A few years ago, one of the most famous British newspapers, The Independent, had a blaring headline, “Gingers face extinction due to climate change, scientists warn.”
Shortly after, The Huffington Post hopped aboard the redhead extinction express and claimed that according to ‘experts,’ redheaded people might be extinct in the next few hundred years.
News regarding the extinction of redheads has been making rounds on the internet and media forever. Some claim that there will be no red hair after 2060; others claim 2100 is the last year we will see natural redheads.
The Climate Change Myth
Some people believe that the main reason behind red hair and light skin is that redheaded people do not get enough exposure to the sun during their early years due to the cloud cover in those areas. They, therefore, lack vitamin D in their systems, which is responsible for producing melanin, a chemical pigment that darkens hair and skin.
With climate change so prevalent, the chances are that some areas will become less cloudy. Fewer clouds in the sky will mean more exposure to the sun, which will eventually lead to the gene responsible for red hair going extinct.
Busting the Myth
According to Grist, the argument that climate change will make red hair go extinct is grounded on numerousdefective assumptions.
The first one is that red hair is based on only one gene. In reality, geneticists have discovered that more than one gene plays a role in causing red hair and light skin. So it does not make too much sense to allocate the extinction of red hair to the decrease of one recessive gene.
Another flawed assumption in the climate change myth is that Europeans can soak up more sun in cloudy environments due to their genetic structure. Scientists have discovered that irrespective of the color tone of your skin, you can produce vitamin D with the same efficiency.
The third flawed assumption states that climate changes will lead to fewer clouds. Scientists and researchers state that there is not enough evidence to prove this claim.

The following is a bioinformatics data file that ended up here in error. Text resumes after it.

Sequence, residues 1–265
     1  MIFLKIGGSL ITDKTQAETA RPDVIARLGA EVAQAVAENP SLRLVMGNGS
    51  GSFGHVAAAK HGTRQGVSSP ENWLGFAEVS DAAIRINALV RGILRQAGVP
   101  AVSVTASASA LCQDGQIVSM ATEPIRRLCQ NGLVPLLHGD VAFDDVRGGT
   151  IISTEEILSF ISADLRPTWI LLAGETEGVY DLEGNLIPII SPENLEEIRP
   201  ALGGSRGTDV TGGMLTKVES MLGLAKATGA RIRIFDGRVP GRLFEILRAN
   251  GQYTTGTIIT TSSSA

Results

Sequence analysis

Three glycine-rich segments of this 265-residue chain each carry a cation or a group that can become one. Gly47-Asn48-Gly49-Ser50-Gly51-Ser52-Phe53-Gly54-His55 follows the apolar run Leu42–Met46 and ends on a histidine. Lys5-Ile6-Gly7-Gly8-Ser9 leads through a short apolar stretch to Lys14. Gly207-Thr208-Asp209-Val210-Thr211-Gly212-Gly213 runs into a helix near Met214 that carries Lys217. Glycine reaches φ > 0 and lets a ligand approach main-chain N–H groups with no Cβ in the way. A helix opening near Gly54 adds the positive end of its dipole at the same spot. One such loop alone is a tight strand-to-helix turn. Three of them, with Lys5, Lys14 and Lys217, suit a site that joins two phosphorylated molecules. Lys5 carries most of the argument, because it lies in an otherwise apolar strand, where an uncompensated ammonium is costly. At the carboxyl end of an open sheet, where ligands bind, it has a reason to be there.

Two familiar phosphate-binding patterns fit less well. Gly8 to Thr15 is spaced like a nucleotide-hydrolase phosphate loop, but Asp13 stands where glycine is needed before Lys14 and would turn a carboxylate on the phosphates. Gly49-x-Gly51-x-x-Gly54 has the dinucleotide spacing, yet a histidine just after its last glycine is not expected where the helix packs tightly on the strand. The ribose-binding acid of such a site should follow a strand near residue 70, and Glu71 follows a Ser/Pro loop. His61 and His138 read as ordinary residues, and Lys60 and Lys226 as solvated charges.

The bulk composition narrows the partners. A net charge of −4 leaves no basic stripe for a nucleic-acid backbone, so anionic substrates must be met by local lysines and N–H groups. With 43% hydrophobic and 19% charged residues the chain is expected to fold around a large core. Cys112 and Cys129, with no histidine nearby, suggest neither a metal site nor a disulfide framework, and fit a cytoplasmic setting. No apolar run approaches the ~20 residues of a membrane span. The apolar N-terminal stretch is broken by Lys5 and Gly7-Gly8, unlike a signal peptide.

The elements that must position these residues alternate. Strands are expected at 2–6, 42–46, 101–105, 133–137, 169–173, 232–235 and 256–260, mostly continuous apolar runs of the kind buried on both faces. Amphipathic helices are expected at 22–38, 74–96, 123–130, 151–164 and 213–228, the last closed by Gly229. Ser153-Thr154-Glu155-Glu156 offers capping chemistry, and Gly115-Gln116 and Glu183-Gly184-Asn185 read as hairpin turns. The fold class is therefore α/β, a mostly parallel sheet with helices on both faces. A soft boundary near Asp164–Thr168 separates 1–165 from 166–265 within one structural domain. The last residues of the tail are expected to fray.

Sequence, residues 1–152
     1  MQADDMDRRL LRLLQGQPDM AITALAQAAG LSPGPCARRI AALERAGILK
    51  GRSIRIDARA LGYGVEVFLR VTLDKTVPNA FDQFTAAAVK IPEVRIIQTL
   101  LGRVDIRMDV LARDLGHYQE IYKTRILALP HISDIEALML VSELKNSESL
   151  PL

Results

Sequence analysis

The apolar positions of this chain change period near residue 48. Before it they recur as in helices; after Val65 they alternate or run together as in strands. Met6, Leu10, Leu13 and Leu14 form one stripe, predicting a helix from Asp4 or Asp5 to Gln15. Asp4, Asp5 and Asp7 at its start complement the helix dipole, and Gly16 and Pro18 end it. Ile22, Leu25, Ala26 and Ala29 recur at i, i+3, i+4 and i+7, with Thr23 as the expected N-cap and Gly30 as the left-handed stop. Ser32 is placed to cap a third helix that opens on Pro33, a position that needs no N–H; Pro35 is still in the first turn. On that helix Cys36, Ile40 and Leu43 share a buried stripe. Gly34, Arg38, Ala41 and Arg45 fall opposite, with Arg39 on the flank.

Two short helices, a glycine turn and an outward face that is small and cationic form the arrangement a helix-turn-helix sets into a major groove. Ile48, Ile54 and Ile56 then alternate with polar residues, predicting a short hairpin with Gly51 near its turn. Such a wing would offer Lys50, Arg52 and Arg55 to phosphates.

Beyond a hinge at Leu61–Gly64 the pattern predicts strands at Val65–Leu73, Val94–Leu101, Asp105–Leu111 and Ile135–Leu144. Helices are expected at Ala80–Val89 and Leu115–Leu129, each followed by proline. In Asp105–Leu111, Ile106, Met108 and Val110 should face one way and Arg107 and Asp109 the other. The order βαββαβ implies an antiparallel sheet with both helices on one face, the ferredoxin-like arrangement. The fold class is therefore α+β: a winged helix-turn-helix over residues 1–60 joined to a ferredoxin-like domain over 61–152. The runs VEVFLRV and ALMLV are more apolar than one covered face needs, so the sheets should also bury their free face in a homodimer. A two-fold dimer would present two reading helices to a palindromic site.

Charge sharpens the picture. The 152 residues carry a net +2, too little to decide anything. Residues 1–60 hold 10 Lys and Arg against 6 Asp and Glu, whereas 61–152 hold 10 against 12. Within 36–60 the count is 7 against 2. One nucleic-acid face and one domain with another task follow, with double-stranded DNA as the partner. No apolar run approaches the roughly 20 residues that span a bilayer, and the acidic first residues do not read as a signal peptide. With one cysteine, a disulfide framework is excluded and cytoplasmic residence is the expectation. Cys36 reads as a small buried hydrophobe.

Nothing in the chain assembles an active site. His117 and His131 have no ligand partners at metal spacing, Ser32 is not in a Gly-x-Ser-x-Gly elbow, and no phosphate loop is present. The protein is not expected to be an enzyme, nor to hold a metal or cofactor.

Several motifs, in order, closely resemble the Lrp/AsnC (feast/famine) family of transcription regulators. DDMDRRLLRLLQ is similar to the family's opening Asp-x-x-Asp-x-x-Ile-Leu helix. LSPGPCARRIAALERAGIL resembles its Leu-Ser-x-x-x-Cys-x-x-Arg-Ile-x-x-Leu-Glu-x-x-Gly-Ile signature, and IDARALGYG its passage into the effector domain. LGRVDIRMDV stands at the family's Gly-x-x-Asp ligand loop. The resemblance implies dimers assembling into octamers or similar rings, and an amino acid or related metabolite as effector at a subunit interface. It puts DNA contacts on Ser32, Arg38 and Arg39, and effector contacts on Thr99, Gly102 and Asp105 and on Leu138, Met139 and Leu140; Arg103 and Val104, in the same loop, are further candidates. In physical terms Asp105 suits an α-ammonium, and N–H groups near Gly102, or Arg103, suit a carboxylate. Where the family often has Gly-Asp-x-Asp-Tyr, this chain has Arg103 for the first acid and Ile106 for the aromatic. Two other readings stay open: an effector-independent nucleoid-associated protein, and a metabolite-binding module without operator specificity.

Lastly, with diminishing clouds, the genes that have helped people survive in cloudy environments will also vanish, and so will the people with red hair, as they are carriers for those genes. This assumption is also flawed because the redheads do not face the same conditions found in the prehistoric era. They have access to vitamin supplements and sunscreen.
A Little on the Experts
The experts who made claims about redhead extinction chose to remain anonymous when publishing their ‘studies.’ The person behind the climate change myth lists themselves as a philosopher with qualifications like MA (Hons) and M.Phil, Cert. Ed. However, their educational background depicts nothing from genetic science.
This ‘expert’ is also known to claim that they found true descendants of Queen Sheba and even those of Eve (The Adam and Eve story). Certified geneticists and scientists are very skeptical about these researches.
Other Claims of Redhead Extinction
With the advent of the internet and social media, news spread like fire. Hardly anyone verifies the authenticity of a statement before sharing or publishing it.
The news of redhead extinction has been making rounds and growing popular on the internet for a long time. Most news claim that ‘genetic scientists’ have predicted that there will be no redheads after 2060.
This news quickly grabbed the attention of bloggers and social media users, who started to quote the Oxford Hair Foundation for the study. However, only a brief search engine run for Oxford Hair Foundation shows that such “researches” are most probably unauthentic as there is no official foundation.
Dig a little deeper, and you will find that the Oxford Hair Foundation did exist until a decade ago. It was an organization funded by one of the most renowned fast-moving consumer good brands, Procter & Gamble, known for a wide range of beauty and hair products and, not surprisingly, red hair dye.
Final Verdict on if Red Hair People are Going Extinct
Although several people claim to have researched the extinction of red hair, none of the claims appear to be backed by solid evidence. Most of these studies seem to be initiated for publicity purposes only, and they work around the assumption that recessive genes, which are responsible for red hair, can die out.
According to geneticists, recessive genes may become rare but will not vanish unless everyone carrying the recessive gene fails to reproduce and dies.
Fortunately, this means that all those who think red hair extinction will occur are wrong. So the redheaded people are here to stay well beyond 2060 and are not going to meet the dinosaurs anytime soon.